Television has been a major entertainment medium since its inception in the early 1900s, especially with its' first real use in the 1920s. Initial TV broadcasts were live events, but starting in the 1930s, famous studios like Disney and 20th Century Fox began creating cartoon programs (Looney Tunes, Mickey Mouse, etc.) and airing them for millions of American children throughout the later years of the Great Depression. Beginning in the late post-war '40s, the first live-action series – like Gunsmoke and California, '49 – began airing for audiences across the nation and television quickly grew to become the industry as we know it today.

Beginnings (1884-1926)


A German university student by name of Paul Nipkow invents a mechanical image-scanning device called the Nipkow disk, used in televisions up through 1939.


The word television is first coined by the Russian scientist Constantin Perskyi at the International World Fair in Paris on August 25, 1900. A pair of French scientists first demonstrate the instantaneous transmission of images, with an 8x8 pixel resolution in 1904, while three years later, Russian scientist Boris Rosling and one of his students, Vladimir Zworykin, create a system to transmit crude images using an early cathode ray tube (CRT). Serbian/American inventor Nikola Tesla demonstrates the world's first moving television images at the World's Fair in New York City in 1909.


Vladimir Zworykin patents the first commercially viable television nine years after Tesla's first demonstration, in 1918.

Era of growth (1926-1949)




  • Gunsmoke (1948-1966) – a Western drama series originally started as a radio drama in late 1946, a television version was conceived and began airing on CBS in 1948, until its cancellation after the 1966 (18th) season. Its' spot on the network was replaced by rival show California, '49.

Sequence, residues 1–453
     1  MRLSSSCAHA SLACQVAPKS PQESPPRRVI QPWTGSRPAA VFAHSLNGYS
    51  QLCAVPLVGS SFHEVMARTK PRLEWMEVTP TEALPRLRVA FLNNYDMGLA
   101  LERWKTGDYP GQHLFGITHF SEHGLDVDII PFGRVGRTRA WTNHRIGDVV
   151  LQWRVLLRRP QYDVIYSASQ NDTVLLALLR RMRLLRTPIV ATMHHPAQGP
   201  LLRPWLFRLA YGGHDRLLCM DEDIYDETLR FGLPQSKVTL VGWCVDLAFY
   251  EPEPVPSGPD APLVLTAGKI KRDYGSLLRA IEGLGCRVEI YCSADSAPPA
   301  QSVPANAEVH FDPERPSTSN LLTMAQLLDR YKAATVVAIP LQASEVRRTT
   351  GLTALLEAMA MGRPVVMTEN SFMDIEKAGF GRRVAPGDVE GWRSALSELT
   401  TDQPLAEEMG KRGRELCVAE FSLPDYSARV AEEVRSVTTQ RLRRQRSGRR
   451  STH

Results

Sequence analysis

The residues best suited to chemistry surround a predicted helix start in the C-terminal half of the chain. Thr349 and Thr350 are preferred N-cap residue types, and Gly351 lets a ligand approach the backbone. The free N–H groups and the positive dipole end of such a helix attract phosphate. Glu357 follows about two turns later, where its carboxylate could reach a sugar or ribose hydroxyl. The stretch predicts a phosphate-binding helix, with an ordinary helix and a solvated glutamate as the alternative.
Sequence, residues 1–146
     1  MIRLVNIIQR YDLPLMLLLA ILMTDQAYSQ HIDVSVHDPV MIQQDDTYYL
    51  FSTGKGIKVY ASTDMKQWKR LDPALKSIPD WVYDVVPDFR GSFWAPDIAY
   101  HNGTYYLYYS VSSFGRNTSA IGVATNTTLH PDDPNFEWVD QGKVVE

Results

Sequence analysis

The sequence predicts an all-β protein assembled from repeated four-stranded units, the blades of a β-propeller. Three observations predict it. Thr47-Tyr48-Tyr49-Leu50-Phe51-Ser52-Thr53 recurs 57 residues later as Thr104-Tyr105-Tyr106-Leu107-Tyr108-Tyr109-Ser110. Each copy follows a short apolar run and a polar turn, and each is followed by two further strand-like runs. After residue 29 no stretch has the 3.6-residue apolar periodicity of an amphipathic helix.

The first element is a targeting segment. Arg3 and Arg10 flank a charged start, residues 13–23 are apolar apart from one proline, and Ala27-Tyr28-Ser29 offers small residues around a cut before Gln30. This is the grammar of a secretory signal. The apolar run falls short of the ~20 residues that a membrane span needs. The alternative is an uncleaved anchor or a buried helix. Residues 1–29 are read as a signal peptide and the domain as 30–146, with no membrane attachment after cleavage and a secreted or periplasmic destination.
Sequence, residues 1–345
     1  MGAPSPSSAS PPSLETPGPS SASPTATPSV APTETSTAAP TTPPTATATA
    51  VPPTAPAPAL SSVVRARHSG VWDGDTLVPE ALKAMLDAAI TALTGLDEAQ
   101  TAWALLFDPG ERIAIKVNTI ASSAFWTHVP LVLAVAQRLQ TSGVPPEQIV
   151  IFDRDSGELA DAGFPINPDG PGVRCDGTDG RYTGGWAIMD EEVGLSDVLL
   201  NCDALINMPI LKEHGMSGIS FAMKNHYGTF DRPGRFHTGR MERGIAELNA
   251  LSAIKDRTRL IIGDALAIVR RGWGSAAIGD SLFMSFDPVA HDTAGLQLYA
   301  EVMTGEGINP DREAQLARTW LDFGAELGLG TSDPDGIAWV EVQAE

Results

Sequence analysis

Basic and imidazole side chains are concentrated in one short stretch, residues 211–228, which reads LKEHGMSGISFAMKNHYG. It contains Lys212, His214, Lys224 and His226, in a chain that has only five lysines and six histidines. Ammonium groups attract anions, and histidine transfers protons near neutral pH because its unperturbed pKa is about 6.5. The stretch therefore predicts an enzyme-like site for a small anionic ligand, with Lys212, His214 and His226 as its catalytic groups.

• California, '49 (1948-1973) – the second of CBS' major Western drama series, California, '49 follows a group of miners and their families who come out West to California during the Gold Rush of 1849, and chronicles the developing political history of the state from 1849 through 1874, and the complex situations that develop during the Civil War. Following the cancellation of Gunsmoke in 1966, California, '49 took its' place on the network until it, too went off the air (not cancelled) in 1973.

Classic television (1950-1979)



The '60s were an era of classic shows, and also inaugurated modern sci-fi.

  • Doctor Who (1963-1989) – a popular sci-fi show over in Britain and a cult classic internationally, Doctor Who follows a time-travelling humanoid alien (a Time Lord) known as the Doctor (of which there have been a total of eight incarnations, or seven 'regenerations' following the First Doctor; there were seven in the series, the eighth was in a 1996 TV movie) and his typically human companions as he battles foes to save the universe from destruction. The Doctor travels time and space in his TARDIS (An acronym for Time and Relative Dimension in Space), a sentient spacecraft.
  • Hogan's Heroes (1964-1971) – Ran for 7 seasons. Follows a group of PoWs in a WW2 prison camp (Stalag 13) in Nazi Austria, led by an American USAAF colonel named Robert Hogan (Bob Crane) as they sabotage the Austrian war effort and help Allied prisoners escape to friendly territory.